Scents and aromas have the amazing ability to transport one back in time, recapture a favorite event or place, and soothe or stimulate. The olfactory memory of something yummy baking in the oven, freshly laundered sheets, flowers you carried when you walked down the aisle, or baby powder can bring a smile to your face and warm your heart. Nothing warms a home more than a beautifully scented candle during the cold winter months. LUCKY HILL has a wonderful assortment of candles throughout the year, but an especially lovely selection for the holiday season.
From the pages of Paddywax's Library Collection emerges the ultimate in Christmas literature: Charles Dickens. The quote on the candle reads, "I will honour Christmas in my heart, and try to keep it all the year". Top notes of tangerine, clove, and juniper herald in the season. Charles Dickens is available as a boxed candle ($25) or a 2-wick travel tin ($8).
Simpatico by K. Hall brings two holiday fragrances to their hobnail collection. As with the year-round fragrances, Scotch Pine No. 26 and Reindeer No. 29, have an astounding 100-hour burn time and the option of re-purposing the hobnail glass vessel after the candle has finished surrounding you in scent.
Scotch Pine No. 26 is a warm, woodsy fragrance reminiscent of crisp winter nights. The true pine scent is known for its clarifying and uplifting properties. ($29)
Reindeer No. 29 combines fall and holiday as red currants and cranberries collide with cedar wood, Frasier fir, and embers. It's an exhilarating and cozy fragrance contained in a stunning cranberry glass hobnail. ($29)
And not to sound like a broken record.....but I can't help but once again utter that lovely name, Clive. If you've read the post about 2550˚ candles entitled, Hand-Poured Personality, you'll recall my desire to spend the winter months with Clive ($28.50). No, not Clive Owen, but rather the candle that embraces you with fragrant tobacco leaves blended with rich black tea, followed with bright green notes of bergamot and earthy vetiver. Sigh. Simply brilliant.....and always the gentleman. Where's the mistletoe?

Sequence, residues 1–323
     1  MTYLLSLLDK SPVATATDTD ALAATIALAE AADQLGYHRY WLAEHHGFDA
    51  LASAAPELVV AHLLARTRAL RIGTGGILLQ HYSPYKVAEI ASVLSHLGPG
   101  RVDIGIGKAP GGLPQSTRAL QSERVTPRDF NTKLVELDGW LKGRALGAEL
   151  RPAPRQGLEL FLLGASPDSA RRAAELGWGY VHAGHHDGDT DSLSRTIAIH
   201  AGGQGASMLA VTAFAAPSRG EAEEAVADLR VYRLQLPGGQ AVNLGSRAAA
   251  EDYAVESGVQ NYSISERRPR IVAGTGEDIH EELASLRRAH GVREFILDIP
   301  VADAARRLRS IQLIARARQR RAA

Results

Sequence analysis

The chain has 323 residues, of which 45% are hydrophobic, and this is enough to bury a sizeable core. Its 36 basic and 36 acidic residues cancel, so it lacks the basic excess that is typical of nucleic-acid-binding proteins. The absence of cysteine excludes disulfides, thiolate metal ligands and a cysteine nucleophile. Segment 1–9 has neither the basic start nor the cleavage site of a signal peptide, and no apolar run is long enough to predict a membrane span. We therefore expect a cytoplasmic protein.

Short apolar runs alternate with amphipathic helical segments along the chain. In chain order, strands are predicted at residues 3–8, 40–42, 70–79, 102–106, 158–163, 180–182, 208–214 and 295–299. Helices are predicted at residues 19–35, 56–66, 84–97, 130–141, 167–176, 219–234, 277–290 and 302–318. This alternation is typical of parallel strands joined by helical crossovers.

Wednesday, December 19, 2012
Tuesday, December 4, 2012
|Dice Head morning 6 x 6 oil on panel|
Dan Graziano's 2012 Holiday Small Works show now hangs in the gallery area of LUCKY HILL. He is pleased and I am....as always .... incredibly proud of him. The new show is comprised of 21 paintings that focus on Castine and its environs. As this is a small works show, all the pieces range in size from 6" x 6" to 6" x 8".
|off neck 5 x 7 oil on panel|
Many customers and friends comment on how "productive" Dan is where his art is concerned. I am quick to point out he is infinitely dedicated, incredibly disciplined, and takes his art and the creative process very seriously. He is in his studio every morning by 9:00, if not earlier, and works until at least 5:00. Often those hours extend to weekends as well. As a working artist, he believes in working as opposed to waiting for the "stroke of genius" or bout of artistic inspiration.
|long shadows 5 x 7 oil on panel|
I read Malcolm Gladwell's book Outliers when it was first published. Dan read it a couple of years ago and we were fascinated by the 10,000-hour rule. Last year Dan participated in the Laguna Beach Plein Air Painting Invitational and while at the reception, fellow artist and friend, Daniel Aldana, mentioned the 10,000-hour rule. It elicited a lengthy and lively conversation. I know there are a lot of people who say Gladwell comes up with a concept or theory and then finds data to support it. Be that as it may, most people who are regarded as "geniuses" in their field will be the first to chalk their success up to hard work as opposed to innate gifts. What was the old quote by Einstein? Genius is 99% perspiration and 1% inspiration? But back to Gladwell and the 10,000-hour rule. In a nutshell, after analyzing studies that focus on excellence and expertise, researchers have come to the conclusion that 10,000 hours is the amount of time one needs to invest in a field to achieve a level of excellence. You can do the math, but based on a 40-hour work week that equates to just under five years. If you ratchet your workload up to a 48-hour work week you can accomplish it in four years. When I ask Dan how he's doing, he tells me he's chipping away at his 10,000. Kudos to him.
|twin peaks 6 x 6 oil on panel|
Small works are unique creatures. Think about it. A painting in a 6" x 6" sqaure. Measure it out on a piece of paper. How much can you convey in that amount of space? There is something to the concept of not only what you do paint, but more importantly what you don't paint. Dan and I often refer to this as "the economy of the stroke". A thin line or a tiny dab of paint can convey far more when handled effectively than a multitude of strokes. This collection of tiny jewels highlights Dan's fascination with light and shadow and the drama and graphic abstraction they create when overlaid on architecture, objects, and the landscape.
Images of all of the paintings in the show as well as others can be seen at www.dangrazianofineart.com or click here
|The Adams School 5 x 7 oil on panel|
|water's edge 6 x 6 oil on panel|
|take-out 6 x 6 oil on panel|
|house at the junction 6 x 8 oil on panel|
|early one morning 5 x 7 oil on panel|
Posted by Kristin Blanck at 4:54 PM